A vexing problem in trying white collar cases involving alleged group activity is the willingness of judges to allow cooperating witnesses to offer their opinions as to the guilty knowledge of the defendant-participants. Prosecutors elicit cooperator opinion testimony regarding defendants to the effect that “they all knew” of certain fraud or “everyone in the office was aware” that certain documents were falsified. It is no remedy to wait until cross-examination to unring that particular bell by attempting to show that the witness was not competent to have offered that wide-ranging opinion.

A couple of years ago I was brought into a mortgage fraud case after trial in order to handle sentencing and any appeal for a convicted client who had been employed as a loan representative at a mortgage company. The multi-defendant trial in federal court, resulting in convictions across the board, had been conducted by skilled, experienced counsel, who had nonetheless been unable to persuade the judge to exclude cooperator statements that “everyone” in the office knew that loan applications were false and that supporting income and bank statements were fabricated; the weeks of trial transcripts were rife with these vague but very damning statements. More recently, news reports reflect that Solomon Dwek, the FBI’s star witness in two New Jersey corruption trials thus far -- and who recorded sessions in which he, in assumed identity, made payments to numerous local politicians -- has been permitted to opine that the recipients “knew” the illicit purpose and nature of his payments.

The evidence rules seemingly prohibit such testimony. Under FRE 602, the witness’s lack of personal knowledge as to the beliefs or knowledge of another would seem to effect a bar. FRE 701’s requirements that lay opinions be rationally based on the witness’s perceptions and helpful to the trier of fact would also seem to block these intuitions about the thoughts of another. Finally, FRE 403’s balancing test should yield the conclusion that the probative value of such testimony is substantially outweighed by the risk of unfair prejudice and jury confusion. Yet, courts consistently allow such testimony, as evidenced in the recent Third Circuit opinion in United States v. Stadtmauer, 2010 WL 3504321 (3d Cir., Sept. 9, 2010).

In Stadtmauer, an officer of certain prominent real estate companies was convicted after a two-month trial of committing tax fraud relating to the reporting of entity expenses. An outside accountant was permitted to testify that Stadtmauer “knew” that certain tax returns which he signed in the presence of the witness were problematic. On appeal, Stadtmauer argued that the testimony ran afoul of Rule 701. The Third Circuit noted that Rule 701 excludes lay opinion testimony which simply tells the jury what result to reach, and that testimony as to what a defendant did or did not know “comes dangerously close to doing just this.” However, the accountant’s testimony was held to be rationally based on his perceptions of Stadtmauer’s involvement in the entities and on Stadtmauer’s knowledge of the characterization of the expenditures in the entities’ books and records (citing among other cases United States v. Anderskow, 88 F.3d 245 (3d Cir. 1996), where the “he must have known” testimony met the rationally-based test because of the witness’s knowledge of the defendant’s involvement in fraudulent loan documents).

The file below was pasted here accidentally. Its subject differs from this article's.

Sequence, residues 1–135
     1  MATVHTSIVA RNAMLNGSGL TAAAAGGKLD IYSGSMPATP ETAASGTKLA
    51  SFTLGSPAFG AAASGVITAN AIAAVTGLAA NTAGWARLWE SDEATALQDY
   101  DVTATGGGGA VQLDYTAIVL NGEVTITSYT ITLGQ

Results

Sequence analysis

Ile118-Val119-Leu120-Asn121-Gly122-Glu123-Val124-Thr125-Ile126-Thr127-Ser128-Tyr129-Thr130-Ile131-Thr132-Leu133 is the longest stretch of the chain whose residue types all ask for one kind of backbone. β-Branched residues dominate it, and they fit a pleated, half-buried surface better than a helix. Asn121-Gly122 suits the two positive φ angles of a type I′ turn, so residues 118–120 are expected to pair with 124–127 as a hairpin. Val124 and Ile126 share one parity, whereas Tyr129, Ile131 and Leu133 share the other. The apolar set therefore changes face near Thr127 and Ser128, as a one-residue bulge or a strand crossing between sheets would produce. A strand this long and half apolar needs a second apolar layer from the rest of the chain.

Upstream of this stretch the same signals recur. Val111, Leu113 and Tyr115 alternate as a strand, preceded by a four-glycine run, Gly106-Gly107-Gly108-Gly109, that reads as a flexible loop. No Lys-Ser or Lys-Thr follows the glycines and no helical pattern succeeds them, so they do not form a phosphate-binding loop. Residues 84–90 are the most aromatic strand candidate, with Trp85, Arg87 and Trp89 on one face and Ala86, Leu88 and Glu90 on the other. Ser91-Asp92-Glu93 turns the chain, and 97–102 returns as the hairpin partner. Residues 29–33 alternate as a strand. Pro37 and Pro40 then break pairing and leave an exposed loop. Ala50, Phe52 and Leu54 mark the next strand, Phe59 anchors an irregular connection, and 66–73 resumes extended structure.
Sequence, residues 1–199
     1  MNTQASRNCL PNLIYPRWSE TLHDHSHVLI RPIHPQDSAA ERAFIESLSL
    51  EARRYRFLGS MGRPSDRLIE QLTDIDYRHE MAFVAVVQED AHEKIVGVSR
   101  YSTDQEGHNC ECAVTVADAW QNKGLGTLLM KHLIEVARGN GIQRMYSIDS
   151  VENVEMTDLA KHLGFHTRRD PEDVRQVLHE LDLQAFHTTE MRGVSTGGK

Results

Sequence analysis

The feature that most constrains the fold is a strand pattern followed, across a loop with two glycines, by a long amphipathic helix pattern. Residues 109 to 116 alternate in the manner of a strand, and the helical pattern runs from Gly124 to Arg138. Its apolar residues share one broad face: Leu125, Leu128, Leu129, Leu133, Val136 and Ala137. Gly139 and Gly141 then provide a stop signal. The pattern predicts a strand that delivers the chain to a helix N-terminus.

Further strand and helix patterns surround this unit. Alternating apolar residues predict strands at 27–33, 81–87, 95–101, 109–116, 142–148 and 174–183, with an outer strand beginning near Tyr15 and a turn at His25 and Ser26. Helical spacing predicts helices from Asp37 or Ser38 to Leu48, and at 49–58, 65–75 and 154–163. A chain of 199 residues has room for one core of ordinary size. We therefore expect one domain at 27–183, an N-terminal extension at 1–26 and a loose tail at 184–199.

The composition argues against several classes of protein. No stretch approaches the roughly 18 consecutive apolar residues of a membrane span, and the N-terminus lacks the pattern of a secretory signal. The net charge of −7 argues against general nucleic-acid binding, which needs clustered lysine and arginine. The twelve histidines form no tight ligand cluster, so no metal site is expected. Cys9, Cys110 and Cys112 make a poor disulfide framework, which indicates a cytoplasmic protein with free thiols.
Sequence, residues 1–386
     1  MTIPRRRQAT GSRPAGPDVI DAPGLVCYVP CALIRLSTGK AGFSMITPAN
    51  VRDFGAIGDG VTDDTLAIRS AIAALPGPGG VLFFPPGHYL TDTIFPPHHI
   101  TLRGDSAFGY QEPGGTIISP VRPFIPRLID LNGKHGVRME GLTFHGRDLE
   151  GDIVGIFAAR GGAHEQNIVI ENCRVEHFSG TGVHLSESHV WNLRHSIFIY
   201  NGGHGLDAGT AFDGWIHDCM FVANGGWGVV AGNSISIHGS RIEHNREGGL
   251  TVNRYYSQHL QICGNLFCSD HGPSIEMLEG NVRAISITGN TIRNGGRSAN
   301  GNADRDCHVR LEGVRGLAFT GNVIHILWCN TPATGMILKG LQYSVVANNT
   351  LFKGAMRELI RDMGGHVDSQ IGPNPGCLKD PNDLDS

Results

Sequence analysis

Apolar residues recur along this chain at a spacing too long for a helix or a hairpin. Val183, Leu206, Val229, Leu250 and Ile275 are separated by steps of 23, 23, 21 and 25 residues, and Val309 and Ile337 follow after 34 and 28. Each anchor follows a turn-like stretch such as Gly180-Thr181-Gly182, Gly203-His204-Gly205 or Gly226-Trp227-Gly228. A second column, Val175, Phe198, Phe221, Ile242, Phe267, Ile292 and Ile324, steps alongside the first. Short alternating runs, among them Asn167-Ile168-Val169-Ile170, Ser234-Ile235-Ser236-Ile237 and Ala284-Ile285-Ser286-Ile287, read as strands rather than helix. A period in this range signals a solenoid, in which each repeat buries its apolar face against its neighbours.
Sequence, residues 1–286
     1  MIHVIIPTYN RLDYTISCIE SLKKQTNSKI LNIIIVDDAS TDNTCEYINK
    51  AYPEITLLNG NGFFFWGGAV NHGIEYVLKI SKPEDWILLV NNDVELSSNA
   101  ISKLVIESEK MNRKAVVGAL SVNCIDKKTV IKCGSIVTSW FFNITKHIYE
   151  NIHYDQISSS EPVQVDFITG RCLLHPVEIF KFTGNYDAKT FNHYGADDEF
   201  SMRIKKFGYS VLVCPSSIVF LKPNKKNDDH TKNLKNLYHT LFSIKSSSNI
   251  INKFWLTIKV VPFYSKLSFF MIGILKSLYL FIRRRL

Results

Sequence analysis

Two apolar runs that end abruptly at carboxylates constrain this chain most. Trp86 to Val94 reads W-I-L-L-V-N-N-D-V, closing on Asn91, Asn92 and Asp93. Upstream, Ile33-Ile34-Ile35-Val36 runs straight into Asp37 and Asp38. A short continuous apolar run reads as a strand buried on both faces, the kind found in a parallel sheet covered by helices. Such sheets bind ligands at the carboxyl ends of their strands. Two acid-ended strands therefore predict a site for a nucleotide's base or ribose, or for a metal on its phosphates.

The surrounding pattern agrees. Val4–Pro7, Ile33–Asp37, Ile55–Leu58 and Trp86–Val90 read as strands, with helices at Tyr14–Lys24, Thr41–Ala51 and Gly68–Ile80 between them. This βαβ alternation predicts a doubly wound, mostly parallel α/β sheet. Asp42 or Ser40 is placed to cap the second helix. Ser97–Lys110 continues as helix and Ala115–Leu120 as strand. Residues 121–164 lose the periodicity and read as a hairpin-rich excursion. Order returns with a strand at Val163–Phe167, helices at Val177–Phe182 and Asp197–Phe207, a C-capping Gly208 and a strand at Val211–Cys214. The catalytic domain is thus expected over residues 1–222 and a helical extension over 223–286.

However, the Stadtmauer Court noted that the “helpfulness” component of Rule 701 was not as easily met, because the jury had before it the same evidence of Stadtmauer's state of knowledge. (In Anderskow, the “he must have known” testimony was ultimately held inadmissible because the jury had before it the evidence on which the witness’s opinion was based and so was as well-positioned as the witness to form a view as to the defendant’s knowledge.) But any error in Stadtmauer’s trial was deemed harmless based on the weight of the other evidence against him.